She was born in San Francisco in 1938 to Russian parents, and named Наталья Николаевна Захаренко. You'd think a name like that might hold you back, but she was acting in movies by the age of four.
Her paternal grandfather, who worked in a chocolate factory, was killed in a fight between Red and White Russian soldiers in 1918. Her father was born in Vladivostok, then immigrated to Montreal, then San Francisco. Her mother originally came from Barnaul, in southern Siberia, and grew up in the Chinese city of Harbin, dreaming of becoming an actress or a ballet dancer.
Shortly after she was born, her mother insisted on moving the family to Los Angeles to pursue a career for her daughter, who now "Americanized" her name to Natasha Zacharenko.
She made her film debut with a bit part in a 1943 movie called Happy Land. Two years later she got the part of a German orphan opposite Orson Welles and Claudette Colbert in Tomorrow Is Forever. Welles later commented that the young girl was a born professional, and "so good she was terrifying."
She appeared in 20 films as a child actress, then at age 16 made the transition to a teenage ingenue -- in a role that won her a nomination for an Academy Award as Best Supporting Actress.
In all, she made over 50 films. Three were with Robert Redford: Inside Daisy Clover (1965), This Property Is Condemned (1966) and a walk-on in The Candidate (1972). She was twice nominated for the Academy Award as Best Actress, but lost out both times. Her first nomination came for her 1961 role opposite Warren Beatty in Splendor in the Grass,(she lost to Sophia Loren in Two Women) and her second in 1963 playing opposite Steve McQueen in Love with the Proper Stranger. (when she lost to Patricia Neal in Hud.)
Her Best Supporting nomination came in 1955 for her role in Rebel Without a Cause, playing opposite James Dean. Shortly after that, she won the Golden Globe Award as best new actress of the year. She starred in several other top movies, including Marjorie Morningstar, Bob & Carol & Ted & Alice (she played Carol), and West Side Story, a movie that won ten Oscars, but none for the leading lady, who by now was known as Natalie Wood, playing Maria.
Natalie Wood married actor Robert Wagner in 1957. They divorced in 1962. She married British producer Richard Gregson in 1969. They had one daughter, and then got divorced in 1972. She married Robert Wagner a second time in 1972, and they remained together until her death in 1981, at the age of 43.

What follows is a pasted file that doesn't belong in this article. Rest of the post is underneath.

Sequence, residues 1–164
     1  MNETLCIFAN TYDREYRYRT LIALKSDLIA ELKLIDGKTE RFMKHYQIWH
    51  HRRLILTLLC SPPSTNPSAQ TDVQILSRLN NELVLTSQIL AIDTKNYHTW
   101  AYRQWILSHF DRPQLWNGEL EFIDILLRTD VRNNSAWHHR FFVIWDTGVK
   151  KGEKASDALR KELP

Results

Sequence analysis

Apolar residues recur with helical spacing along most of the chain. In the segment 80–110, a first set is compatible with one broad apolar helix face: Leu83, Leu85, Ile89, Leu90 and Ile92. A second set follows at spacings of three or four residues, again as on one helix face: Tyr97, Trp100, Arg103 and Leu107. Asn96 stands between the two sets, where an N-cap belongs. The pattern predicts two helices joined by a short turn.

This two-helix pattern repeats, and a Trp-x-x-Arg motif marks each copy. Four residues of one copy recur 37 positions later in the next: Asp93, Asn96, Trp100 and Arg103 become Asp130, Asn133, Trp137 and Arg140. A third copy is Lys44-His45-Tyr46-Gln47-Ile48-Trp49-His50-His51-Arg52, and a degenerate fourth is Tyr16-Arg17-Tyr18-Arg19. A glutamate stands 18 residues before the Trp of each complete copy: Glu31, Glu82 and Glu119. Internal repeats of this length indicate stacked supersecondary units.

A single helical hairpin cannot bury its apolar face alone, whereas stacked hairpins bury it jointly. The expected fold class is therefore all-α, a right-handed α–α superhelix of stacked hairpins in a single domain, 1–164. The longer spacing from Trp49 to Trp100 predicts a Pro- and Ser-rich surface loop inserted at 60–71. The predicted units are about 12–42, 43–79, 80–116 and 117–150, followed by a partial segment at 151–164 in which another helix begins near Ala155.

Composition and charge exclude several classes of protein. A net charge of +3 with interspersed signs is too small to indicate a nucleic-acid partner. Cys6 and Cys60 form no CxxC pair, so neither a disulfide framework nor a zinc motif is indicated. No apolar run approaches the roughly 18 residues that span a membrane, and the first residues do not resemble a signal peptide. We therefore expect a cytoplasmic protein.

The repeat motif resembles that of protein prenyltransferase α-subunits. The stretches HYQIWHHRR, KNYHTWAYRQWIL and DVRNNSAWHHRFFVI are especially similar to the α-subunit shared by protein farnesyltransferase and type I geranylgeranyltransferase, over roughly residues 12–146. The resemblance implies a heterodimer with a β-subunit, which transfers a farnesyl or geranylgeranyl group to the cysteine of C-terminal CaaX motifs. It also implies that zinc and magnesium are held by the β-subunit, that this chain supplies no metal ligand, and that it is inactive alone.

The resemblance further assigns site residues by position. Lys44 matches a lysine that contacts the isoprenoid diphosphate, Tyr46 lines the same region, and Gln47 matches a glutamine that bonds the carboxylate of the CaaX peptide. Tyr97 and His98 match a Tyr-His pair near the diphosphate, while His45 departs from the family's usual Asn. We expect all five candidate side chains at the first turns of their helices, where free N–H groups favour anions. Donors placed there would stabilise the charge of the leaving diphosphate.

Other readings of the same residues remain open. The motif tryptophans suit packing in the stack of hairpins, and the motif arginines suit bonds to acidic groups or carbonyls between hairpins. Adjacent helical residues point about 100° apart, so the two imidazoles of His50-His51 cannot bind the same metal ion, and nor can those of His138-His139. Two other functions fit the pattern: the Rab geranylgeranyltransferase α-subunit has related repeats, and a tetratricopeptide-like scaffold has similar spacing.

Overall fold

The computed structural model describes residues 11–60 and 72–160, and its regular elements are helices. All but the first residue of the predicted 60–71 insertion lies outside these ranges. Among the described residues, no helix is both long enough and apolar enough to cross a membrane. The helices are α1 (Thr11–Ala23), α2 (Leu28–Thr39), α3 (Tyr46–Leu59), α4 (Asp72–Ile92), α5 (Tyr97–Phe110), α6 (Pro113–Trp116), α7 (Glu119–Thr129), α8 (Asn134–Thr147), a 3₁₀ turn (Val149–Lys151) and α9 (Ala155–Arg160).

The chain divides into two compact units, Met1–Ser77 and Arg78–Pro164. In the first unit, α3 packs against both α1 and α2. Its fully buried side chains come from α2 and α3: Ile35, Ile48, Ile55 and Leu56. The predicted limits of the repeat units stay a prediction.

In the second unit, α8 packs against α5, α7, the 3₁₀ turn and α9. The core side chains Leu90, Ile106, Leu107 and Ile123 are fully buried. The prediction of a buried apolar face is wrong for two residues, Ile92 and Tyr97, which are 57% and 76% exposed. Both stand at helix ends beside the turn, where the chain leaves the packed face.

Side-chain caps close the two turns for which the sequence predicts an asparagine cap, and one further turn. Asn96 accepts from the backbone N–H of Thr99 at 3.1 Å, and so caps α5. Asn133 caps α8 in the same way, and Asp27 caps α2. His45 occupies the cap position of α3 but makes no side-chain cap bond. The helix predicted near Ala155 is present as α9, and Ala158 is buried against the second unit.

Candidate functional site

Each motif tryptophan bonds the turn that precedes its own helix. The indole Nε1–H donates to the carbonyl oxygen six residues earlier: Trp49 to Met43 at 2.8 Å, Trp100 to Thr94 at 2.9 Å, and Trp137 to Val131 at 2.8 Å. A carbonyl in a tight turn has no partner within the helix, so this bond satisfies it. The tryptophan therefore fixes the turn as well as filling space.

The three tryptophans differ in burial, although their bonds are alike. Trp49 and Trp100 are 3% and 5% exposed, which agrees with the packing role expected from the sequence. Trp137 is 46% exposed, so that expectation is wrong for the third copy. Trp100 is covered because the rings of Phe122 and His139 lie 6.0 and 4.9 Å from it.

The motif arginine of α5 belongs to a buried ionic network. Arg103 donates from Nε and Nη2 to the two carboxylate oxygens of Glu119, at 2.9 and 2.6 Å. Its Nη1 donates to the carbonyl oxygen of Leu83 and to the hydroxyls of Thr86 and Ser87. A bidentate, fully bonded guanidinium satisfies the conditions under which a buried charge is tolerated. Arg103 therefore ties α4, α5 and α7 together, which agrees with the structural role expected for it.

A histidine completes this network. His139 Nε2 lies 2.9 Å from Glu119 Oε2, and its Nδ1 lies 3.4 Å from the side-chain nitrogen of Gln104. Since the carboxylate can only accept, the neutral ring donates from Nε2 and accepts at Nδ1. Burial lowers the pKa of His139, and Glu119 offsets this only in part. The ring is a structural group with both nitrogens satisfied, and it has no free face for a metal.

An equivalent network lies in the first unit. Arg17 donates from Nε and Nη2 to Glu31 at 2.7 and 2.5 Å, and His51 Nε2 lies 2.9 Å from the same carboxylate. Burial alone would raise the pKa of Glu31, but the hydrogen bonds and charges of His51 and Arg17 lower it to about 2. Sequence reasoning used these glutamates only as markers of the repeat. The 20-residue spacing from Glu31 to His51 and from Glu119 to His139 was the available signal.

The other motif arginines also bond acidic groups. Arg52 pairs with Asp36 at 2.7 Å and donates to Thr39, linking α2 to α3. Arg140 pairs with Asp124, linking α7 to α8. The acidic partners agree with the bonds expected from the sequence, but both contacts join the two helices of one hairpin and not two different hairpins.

It was the day after Thanksgiving. She and her husband and a few friends were anchored off Catalina Island on their boat the Splendour. She reportedly slipped and fell off the yacht. A woman on another boat said she heard cries for help. The cries were answered by someone, who said, "Take it easy, we'll be over to get you."
The cries lasted about 15 minutes altogether, and then ... nothing. Her body was found in the morning; she was wearing a light jacket, a nightgown and socks. There were fingernail scratches on the side of the boat's dinghy, suggesting that Natalie Wood tried to climb back up into the boat.
A lot of partying was going on at the marina that evening. There were reports of arguments between Wagner and the actor Christopher Walken, a guest on the boat that night, who was rumored to be having an affair with Natalie Wood. The ship's captain also claimed he heard Wagner arguing with his wife. The coroner found that Wood had been drinking, perhaps seven or eight glasses of wine, and finally, her death was ruled an accident. More than a thousand mourners attended her funeral, including Frank Sinatra, Gene Kelly, Rock Hudson, Fred Astaire, Elizabeth Taylor and Gregory Peck.
Natalie Wood had her star placed posthumously on the Hollywood Walk of Fame in 1987. It is located at 7000 Hollywood Blvd.